Up to?

This Radio Netherlands article states that Cuba “has signed up to two United Nations human rights treaties.”
This leads me to wonder just what does “up to” mean? Did they indeed sign two treaties? Did they sign one and are thinking about signing the second treaty? Have they not yet signed any of the two treaties but are thinking of signing both? Are they going to sign both treaties, but erase the signature on one of them, and then later sign it again?
Regardless of what they meant by that ambiguous declaration, the Cuban people should not break out their demonstration banners and walking shoes yet. According to Felipe “Cara de Mono” Perez Roque, the signing of these two treaties, or maybe one, or maybe none, or maybe both now and then only one later, or maybe both tomorrow, or only one the day after, or maybe both the day after tomorrow and none the week after, will mean little to the Cuban people. You see, according to Perez Roque, these treaties are just a formality.

Cuban Foreign Minister Felipe Perez Roque describes the move as a formality, saying the rights enshrined in the documents have been respected in Cuba since the 1959 revolution. At the signing ceremony, he took the opportunity to repeat calls for the United States to lift its trade embargo of Cuba in force since 1962.

Now we have a little more context.
I think that what he means to say is that once the dictatorship signs one, or both, or one but not the other, or the other but not this one, or both today but only one tomorrow, or none today but both a week from last Monday, or one on the third Wednesday of March (only if it isn’t a leap year–in the case that it is, then it would be the first Friday of April), or both on the anniversary of the great Giant Strawberry harvest, unless, of course, that anniversary happens to be an even year, which in that case the signing of none, one, or both treaties would be scheduled on the eve of the druid equinox with real, imitation midget druids dancing around a miniature model of Stone Henge, the regime would show the world how it is complying with the UN’s request that it respect the Cuban people’s basic human rights.
Of course, by El Monito’s own admission, the regime has no intention on changing any of its repressive ways, nevertheless, they expect to be rewarded for this act that agrees to provide rights that will not really be provided, but the language says it will, although everyone knows they don’t really have to, but for the sake of expediency everyone will smile and act like it means something, even though everyone knows it won’t change anything, but it will, however, make great headlines across the world of how “Cuba” has agreed to treat their citizens like humans, which Cuba will reply that “hey, we’ve always treated our slaves well–we’ve taught them how to read and write communist propaganda and have given them free health care.” With such a convincing argument, how can the UN do anything else than exert its colossal political pressure on the US to lift the embargo? Maybe this gesture will finally convince the Bush administration to change its policy towards the newly christened king of Cuba; raulito, the earl of Pato (can I get a quack-quack?).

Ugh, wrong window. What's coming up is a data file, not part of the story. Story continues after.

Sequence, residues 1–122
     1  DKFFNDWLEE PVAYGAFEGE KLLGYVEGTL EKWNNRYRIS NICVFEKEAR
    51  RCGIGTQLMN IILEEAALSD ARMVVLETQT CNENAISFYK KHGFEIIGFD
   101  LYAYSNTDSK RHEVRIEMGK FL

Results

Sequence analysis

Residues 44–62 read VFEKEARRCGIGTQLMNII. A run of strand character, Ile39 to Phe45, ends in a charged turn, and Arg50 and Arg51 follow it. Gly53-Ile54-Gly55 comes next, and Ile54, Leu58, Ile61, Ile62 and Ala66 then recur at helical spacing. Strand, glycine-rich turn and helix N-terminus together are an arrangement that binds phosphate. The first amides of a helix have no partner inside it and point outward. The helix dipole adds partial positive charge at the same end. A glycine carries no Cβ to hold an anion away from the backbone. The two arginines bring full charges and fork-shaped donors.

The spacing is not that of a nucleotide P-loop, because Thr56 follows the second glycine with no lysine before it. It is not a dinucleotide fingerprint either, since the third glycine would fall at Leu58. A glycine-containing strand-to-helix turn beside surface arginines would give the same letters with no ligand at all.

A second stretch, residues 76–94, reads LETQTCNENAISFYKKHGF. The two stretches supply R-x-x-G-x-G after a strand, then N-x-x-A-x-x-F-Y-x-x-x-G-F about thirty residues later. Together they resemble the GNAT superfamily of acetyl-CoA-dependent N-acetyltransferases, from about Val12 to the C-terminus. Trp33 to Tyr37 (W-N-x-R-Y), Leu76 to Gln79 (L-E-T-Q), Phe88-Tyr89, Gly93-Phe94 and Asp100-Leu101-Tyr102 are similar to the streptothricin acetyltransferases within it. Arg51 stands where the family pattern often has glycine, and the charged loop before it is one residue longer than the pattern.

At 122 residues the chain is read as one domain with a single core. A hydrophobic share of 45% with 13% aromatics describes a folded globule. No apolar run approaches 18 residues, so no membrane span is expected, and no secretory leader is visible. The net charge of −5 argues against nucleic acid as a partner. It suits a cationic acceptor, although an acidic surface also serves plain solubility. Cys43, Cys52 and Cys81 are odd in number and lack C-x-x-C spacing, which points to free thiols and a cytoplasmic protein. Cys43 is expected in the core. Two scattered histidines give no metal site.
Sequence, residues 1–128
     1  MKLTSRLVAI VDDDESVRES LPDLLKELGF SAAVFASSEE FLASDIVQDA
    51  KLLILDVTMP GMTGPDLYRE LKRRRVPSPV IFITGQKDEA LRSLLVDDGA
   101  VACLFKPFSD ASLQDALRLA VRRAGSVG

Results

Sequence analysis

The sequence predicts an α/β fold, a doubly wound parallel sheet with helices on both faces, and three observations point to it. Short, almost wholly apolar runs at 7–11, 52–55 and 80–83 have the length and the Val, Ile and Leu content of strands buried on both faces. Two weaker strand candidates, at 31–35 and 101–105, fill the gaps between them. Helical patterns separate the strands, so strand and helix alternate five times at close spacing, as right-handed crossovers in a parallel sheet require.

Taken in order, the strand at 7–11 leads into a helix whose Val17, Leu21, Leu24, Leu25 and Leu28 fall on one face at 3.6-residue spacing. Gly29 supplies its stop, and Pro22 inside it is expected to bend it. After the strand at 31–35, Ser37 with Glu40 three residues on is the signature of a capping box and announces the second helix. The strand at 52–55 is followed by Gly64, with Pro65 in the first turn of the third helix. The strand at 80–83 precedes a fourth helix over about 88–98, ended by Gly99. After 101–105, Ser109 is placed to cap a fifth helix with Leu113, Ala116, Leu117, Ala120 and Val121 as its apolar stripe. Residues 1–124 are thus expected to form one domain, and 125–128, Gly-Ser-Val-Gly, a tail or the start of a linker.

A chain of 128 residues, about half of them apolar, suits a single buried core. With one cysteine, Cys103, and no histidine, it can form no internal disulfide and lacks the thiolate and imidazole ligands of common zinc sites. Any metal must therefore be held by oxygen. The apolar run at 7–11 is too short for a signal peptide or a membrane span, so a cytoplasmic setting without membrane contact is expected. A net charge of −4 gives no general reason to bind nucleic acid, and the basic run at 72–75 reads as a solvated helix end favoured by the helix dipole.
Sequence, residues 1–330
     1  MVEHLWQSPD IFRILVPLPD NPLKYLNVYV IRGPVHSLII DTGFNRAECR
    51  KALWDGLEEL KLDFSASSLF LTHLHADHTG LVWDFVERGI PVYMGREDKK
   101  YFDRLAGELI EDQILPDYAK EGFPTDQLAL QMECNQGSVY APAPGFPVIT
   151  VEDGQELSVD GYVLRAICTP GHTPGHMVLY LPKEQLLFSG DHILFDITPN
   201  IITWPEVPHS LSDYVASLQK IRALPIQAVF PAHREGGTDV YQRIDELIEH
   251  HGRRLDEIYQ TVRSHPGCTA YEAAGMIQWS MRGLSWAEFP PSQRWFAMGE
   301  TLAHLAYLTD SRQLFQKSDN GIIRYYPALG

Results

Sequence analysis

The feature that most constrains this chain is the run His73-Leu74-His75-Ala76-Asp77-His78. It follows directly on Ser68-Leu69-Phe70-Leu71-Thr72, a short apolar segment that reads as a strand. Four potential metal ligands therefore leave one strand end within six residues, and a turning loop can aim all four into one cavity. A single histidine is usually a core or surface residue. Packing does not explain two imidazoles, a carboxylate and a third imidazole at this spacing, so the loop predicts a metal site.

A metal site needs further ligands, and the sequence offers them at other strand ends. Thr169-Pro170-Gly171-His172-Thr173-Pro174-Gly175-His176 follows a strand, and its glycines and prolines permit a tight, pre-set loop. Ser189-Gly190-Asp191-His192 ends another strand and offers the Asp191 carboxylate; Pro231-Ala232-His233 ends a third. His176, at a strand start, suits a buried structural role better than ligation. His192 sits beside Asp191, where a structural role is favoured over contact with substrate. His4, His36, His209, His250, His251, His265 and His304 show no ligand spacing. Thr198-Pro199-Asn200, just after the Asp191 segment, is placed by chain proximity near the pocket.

The answer from the Bush administration, I have heard, will be coming tomorrow, or maybe a week from the second Friday in June, unless it is raining that day in which case the date will be moved to the first night with a full moon in July, providing, of course, that the real, imitation midget druid dancers are available.

4 thoughts on “Up to?”

  1. hehehe, was that sarcasm or “brash bravado?” very funny, AdlC. I didn’t know we grew strawberries then again when I was growing up all that was growing was fears.

  2. It seems that all that Castro, Inc. has to do in order to receive instant praise from certain heads-of-government [Zapatero comes to mind] and the mainstream media [always on the lookout for the slightest, imperceivably small sign of “reform”] is to sign one treaty or another and to release a dissident.
    But how meaningful is that if Cuba is a Signator of the Universal Declaration of Human Rights and over the years Castro [like the feudal medieval lord that he believes/believed himself to be] released dozens of dissidents into the hands of fawning heads of state?

  3. Gusano, that was just plain, superfluous sarcasm. The giant strawberry referrence is from Luis Garcia’s book, Child of the Revolution, where he recalls fifo’s fascination with growing giant strawberries and turning Cuba into the strawberry capital of the world. That, along with every other economic pursuit of the revolution, failed miserably.

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